Caitlyn, at 26, is a virgin. Not so much by choice – she has a traumatic family history which makes her nervous and shy of men and big men (like Spencer) in particular.  However, they are both very attracted to one another and what starts as a friends-with-benefits quest to relieve Caitlyn of her virginity ends up being much much more.

There is a half-hearted side plot involving Spencer’s grandparents. Lilian and Philip were penpals during WWII and for some of the story, Caitlyn and Spencer tour some of the places mentioned in her letters (which Philip has kept). This really serves to get Spencer and Caitlyn together more than anything else and what could have been a more poignant secondary love story (a la Suzanne Brockmann’s The Unsung Hero for example) just kind of fizzled out.

I thought Caitlyn was a little stupid later in the book for not realising something important – given her profession I found it only believable because she wasn’t well, but the something stupid does bring matters to a head for her and Spencer so I went with it.

The best thing about the book was the way Spencer and Caitlyn talked and got to know one another.  Spencer is a really good guy.  His foolish behaviour as a juvenile isn’t ever painted as “good” but he is, at base, a good man and he’s very careful about enthusiastic consent from Caitlyn (and, one assumes from previous partners).  He’s a genuinely nice guy and the type you’d love to bring home to mum and dad.  He’s a dedicated athlete with loads of self discipline and he loves his grandad.  Can we just take a moment to sigh and say “awww” now?

Caitlyn is exceedingly competent and I loved the way her job and the important work she does was weaved into the story.  I would have liked to know what she planned to do after the end of the book – will she continue with the disaster relief agency but possibly in another role?  Maybe she and Spencer will have cameos in the later books and I will get my answer. Perhaps I will just ask the author on Twitter!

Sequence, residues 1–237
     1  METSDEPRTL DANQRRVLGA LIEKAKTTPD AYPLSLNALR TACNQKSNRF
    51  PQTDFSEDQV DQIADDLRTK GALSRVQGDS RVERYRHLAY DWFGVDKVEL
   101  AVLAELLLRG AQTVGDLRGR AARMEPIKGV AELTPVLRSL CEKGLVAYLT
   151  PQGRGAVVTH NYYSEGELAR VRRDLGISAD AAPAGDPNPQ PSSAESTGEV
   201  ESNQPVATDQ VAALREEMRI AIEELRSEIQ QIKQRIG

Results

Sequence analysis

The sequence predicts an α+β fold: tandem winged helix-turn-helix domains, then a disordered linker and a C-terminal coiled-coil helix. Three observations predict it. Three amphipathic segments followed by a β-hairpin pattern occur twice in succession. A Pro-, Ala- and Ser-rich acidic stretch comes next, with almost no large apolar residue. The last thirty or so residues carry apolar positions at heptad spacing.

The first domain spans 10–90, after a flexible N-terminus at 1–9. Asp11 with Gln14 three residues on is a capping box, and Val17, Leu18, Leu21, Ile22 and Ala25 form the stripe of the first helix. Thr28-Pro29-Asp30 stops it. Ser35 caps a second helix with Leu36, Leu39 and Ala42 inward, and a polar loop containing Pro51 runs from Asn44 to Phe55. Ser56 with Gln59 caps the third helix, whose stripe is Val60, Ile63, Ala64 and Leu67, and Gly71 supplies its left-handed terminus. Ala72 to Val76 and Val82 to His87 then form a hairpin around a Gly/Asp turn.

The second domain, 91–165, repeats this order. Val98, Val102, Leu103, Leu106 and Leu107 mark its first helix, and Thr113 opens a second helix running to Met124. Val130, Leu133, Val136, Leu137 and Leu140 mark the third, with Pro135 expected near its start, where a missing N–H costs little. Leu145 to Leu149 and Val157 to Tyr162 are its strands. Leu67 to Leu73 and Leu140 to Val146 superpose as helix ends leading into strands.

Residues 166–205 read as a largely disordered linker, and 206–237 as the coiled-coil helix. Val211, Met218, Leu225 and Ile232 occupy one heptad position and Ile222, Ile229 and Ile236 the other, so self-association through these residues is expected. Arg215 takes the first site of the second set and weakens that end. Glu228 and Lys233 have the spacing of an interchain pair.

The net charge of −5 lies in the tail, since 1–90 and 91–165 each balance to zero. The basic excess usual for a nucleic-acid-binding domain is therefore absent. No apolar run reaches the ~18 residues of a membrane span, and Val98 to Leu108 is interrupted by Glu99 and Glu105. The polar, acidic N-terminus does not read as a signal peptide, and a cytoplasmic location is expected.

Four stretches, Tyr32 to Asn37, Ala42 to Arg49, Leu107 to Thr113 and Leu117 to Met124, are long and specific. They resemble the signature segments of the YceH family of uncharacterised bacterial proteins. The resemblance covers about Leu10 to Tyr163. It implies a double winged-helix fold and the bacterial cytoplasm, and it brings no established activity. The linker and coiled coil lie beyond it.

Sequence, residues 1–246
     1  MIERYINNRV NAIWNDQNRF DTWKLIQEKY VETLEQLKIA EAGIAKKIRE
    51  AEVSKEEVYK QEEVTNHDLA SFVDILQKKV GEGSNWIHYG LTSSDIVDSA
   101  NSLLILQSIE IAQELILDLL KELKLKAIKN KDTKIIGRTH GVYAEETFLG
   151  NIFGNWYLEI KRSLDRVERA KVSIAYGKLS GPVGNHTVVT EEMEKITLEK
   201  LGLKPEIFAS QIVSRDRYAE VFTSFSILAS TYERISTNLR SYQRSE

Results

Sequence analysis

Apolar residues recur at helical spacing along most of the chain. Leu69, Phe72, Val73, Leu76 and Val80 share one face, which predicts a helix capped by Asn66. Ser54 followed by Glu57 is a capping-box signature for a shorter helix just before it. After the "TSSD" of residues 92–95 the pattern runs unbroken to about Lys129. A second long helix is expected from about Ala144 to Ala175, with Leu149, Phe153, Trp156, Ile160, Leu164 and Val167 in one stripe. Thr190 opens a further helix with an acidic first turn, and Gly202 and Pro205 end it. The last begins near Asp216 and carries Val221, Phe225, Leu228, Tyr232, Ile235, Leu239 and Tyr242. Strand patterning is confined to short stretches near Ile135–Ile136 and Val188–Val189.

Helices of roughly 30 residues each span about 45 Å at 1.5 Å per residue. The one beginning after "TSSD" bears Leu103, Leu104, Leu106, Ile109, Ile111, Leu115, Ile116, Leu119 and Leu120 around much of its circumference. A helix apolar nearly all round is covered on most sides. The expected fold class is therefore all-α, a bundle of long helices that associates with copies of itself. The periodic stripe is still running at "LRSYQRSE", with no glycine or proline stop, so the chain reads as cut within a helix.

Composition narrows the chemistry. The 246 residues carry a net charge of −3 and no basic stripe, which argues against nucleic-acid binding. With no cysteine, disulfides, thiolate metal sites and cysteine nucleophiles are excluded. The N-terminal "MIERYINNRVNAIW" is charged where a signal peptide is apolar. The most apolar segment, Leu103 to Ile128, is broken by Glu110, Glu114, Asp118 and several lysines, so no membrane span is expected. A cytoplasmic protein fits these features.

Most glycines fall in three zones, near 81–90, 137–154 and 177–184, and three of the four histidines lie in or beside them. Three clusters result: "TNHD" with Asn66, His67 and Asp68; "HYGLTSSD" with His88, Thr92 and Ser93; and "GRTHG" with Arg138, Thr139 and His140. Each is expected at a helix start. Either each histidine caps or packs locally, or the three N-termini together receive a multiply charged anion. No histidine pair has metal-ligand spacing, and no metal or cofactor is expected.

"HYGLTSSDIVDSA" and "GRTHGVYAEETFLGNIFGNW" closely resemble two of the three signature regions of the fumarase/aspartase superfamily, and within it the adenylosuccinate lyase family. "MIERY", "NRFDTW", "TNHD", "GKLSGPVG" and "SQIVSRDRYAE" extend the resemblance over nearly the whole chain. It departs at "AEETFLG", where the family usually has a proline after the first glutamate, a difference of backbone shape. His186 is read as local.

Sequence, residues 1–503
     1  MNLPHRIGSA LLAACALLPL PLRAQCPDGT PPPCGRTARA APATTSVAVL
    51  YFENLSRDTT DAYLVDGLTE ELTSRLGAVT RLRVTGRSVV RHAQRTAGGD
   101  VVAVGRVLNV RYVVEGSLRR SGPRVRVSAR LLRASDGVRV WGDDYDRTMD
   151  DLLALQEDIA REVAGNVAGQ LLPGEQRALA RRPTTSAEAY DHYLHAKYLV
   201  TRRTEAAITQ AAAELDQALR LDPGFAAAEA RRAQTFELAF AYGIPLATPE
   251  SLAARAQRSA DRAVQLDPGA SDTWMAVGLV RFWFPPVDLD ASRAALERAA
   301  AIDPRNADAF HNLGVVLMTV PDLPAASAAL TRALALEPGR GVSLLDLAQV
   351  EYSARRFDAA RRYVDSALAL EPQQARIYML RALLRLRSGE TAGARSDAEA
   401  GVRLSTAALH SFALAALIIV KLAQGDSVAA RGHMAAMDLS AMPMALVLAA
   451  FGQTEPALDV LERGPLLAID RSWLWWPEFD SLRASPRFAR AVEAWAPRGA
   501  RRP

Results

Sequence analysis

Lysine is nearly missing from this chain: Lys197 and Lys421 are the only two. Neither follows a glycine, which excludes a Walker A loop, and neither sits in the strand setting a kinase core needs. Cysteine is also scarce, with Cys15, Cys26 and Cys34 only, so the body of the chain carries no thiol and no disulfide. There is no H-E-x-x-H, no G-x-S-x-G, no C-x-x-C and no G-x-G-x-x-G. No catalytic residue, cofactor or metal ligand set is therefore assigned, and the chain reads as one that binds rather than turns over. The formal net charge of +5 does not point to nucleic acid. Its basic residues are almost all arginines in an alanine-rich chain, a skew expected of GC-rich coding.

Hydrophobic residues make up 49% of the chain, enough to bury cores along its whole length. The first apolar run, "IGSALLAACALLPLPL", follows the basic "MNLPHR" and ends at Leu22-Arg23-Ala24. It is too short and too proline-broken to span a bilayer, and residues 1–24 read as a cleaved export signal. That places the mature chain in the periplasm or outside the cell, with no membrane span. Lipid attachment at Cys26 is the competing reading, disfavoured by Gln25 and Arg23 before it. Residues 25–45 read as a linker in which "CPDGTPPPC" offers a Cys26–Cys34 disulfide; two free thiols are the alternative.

From the author’s note at the back of the book, I can see that her day job is/was for a disaster relief charity as press/media officer and it was obvious that she knew of what she spoke when it comes to this area.  Not only was it interesting, it grounded the story in reality.  World building isn’t something to which a lot of attention is always paid in a contemporary romance but it is something which is terribly obvious when it’s wrong.  Here, the world building was authentic and wonderful.

What else? The sex was creative and inventive and sexy and was there to move the plot along, all of which I appreciated. I loved this book. If it’s still 99c, there are far worse ways to spend money (in fact, this is true even at full price.)  I recommend.

Grade: B+